THE DARKNESS WITHIN
Hello all! For my take on this month’s subject matter I will be focusing on internal darkness as a concept, and how that darkness has been used by a specific author I have been reading all of my life. Living as I do in Maine, the subject couldn’t be more appropriate as Maine is the home state of a man who for decades has reigned over America’s fear and anxieties with the authority of a King.
Stephen King is traditionally cited as a ‘horror’ writer, which is a genre as broad and multifaceted as fantasy or science fiction. When people think of King, they likely conjure up monstrous images such as the vampires of Salem’s Lot or the horrific creatures of in The Mist. As a young reader growing up in the 70s and 80s, this was the King that fascinated me. Horrifying demonic clowns (It), cemeteries that reanimated the dead (Pet Semetary) and possessed killer machines (Christine, Trucks, The Mangler). I could name countless more- -the short story collection Night Shift was particularly loaded with these wild monster stories.
As a kid, I ate it up. Great stuff, with more than a bit of pulp to it too.
As an adult though when I go back and read King, I see a different type of horror. One that is much more unsettling, because it is more familiar. It is one thing to look in the mirror and see a monster behind you, it is quite another to look in the mirror and see the monster in yourself. To me, the real potency of King’s work is not in the boogeymen, but rather in the darkness he would show in the average person.
Sometimes, he’d highlight people who were basically good, if damaged- -then force us to watch as they were slowly overcome by the darkness of some external force. A great instance of this is Jack Torrance in The Shining, his baser natures and fears preyed upon by the supernatural Overlook Hotel. Sure, a ghost in Room 217 is scary- -but looking at Jack’s slow transition from well-intentioned husband and father to family destroying monster? Horrifying. Another example could be Louis Creed from Pet Semetary, who allows grief to push him into incredibly dark places.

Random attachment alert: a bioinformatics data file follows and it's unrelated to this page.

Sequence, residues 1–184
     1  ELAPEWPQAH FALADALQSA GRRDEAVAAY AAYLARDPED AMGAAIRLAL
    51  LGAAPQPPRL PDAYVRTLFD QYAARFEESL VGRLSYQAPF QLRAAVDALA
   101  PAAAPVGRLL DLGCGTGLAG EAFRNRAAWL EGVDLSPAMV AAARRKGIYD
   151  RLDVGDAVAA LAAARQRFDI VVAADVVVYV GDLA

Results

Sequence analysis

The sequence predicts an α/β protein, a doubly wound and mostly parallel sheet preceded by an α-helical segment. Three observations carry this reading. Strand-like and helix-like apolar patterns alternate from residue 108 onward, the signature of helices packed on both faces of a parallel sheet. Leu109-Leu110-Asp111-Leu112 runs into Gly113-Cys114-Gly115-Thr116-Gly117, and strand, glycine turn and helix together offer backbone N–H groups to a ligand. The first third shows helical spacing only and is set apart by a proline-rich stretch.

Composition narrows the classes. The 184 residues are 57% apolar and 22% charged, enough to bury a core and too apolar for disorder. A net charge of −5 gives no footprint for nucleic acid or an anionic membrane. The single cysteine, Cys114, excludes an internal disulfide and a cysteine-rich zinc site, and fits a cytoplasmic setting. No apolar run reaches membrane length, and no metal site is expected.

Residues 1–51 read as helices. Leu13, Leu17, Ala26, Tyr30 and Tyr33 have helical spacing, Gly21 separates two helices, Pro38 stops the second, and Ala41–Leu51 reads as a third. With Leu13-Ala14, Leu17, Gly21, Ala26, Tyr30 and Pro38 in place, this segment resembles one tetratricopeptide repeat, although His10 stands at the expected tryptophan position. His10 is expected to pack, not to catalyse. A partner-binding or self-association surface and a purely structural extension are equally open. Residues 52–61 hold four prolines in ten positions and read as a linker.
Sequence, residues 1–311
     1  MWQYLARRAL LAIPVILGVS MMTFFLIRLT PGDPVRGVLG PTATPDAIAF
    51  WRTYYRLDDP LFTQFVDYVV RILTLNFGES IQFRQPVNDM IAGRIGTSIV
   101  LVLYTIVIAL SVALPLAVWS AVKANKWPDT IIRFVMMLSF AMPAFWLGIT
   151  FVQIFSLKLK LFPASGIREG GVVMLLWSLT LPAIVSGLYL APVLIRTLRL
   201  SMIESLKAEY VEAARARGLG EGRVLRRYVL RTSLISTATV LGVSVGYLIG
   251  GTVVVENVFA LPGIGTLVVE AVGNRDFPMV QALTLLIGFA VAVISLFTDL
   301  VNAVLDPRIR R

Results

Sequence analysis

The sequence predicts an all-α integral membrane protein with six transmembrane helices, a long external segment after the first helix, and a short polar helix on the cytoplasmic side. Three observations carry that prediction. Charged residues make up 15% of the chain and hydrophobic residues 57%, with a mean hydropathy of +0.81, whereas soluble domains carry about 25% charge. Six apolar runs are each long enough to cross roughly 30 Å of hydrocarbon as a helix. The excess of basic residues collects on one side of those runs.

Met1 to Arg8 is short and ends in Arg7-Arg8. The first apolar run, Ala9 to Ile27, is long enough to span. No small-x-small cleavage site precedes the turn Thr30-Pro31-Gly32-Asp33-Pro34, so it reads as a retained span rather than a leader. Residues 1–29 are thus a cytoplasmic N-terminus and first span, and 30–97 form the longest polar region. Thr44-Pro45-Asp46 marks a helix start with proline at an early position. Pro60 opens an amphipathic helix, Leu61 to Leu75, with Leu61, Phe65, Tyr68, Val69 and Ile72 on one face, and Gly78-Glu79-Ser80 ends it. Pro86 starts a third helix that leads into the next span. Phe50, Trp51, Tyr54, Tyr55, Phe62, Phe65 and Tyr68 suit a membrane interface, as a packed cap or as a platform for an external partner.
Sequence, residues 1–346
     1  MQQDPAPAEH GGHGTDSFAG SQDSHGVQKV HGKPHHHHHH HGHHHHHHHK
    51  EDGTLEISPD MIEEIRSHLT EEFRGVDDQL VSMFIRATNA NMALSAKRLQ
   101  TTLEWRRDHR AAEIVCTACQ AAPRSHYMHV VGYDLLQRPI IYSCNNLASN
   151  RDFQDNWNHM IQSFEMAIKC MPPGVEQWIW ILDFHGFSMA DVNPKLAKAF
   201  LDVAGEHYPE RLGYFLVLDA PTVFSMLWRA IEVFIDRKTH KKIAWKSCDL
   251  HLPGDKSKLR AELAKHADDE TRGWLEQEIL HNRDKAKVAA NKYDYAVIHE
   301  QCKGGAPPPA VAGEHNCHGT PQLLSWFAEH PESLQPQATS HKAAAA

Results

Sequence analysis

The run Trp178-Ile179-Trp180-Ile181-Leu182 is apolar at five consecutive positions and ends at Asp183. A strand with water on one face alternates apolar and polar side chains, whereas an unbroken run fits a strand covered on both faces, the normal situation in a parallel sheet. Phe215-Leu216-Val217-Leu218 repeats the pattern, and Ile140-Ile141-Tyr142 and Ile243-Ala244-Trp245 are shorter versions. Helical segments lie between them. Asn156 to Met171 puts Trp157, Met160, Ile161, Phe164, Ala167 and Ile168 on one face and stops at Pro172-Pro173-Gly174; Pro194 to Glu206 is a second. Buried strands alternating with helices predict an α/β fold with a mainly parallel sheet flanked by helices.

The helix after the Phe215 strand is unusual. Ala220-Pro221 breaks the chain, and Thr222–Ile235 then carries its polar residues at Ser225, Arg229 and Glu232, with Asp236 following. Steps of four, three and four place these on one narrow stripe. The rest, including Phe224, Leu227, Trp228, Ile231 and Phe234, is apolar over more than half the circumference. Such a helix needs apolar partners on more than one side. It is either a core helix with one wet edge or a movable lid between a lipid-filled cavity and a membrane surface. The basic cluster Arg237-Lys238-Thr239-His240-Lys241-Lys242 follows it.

In other cases, a supernatural event allows people who were already dark an opportunity that had not presented itself. Big Jim from Under the Dome was a monster from page 1, with far more evil in his heart than the actual villains responsible for the town’s isolation. All he needed was that moment, that crack in the door that society normally kept shut. You can see this same dynamic in the short story The Mist, as well as multiple instances of it in Needful Things. There might be rage and evil inside anyone, just waiting for the right circumstances.
I feel these stories are so potent because they prey on a fear within all of us that is much darker than any skeleton or zombie could induce. The fear we have of each other, and ourselves. We wonder, could that be my neighbor? My spouse? Could that be me? Could I be driven to that dark a place? Could I do those horrible things?
What would it take? Not much, those dark whispers of King’s stories say. Maybe much less than you think.
Pardon me, I just felt a chill go up my spine.
I have found this a useful lesson for my own writing, when writing not just my villains but also my heroes. Darkness is a naturally occurring part of the human condition. Including a hint of it in any character makes them a bit more real, but also a bit more dangerous. Readers who care for you hero might worry that in his or her rage they might let that dark part take over, driving them to do something that is not in their best interests. It helps make bad choices believable, allowing for more opportunities for things to go wrong for your hero.
As writers, we all want things going wrong for our heroes, right?
As a fellow Mainer, I couldn’t be prouder to focus on Stephen King for my walk down the dark road as it were. In addition to his superlative On Writing, I recommend writers check out his lesser known Danse Macabre, which is an interesting discussion on what the master himself finds scary.
See you next month!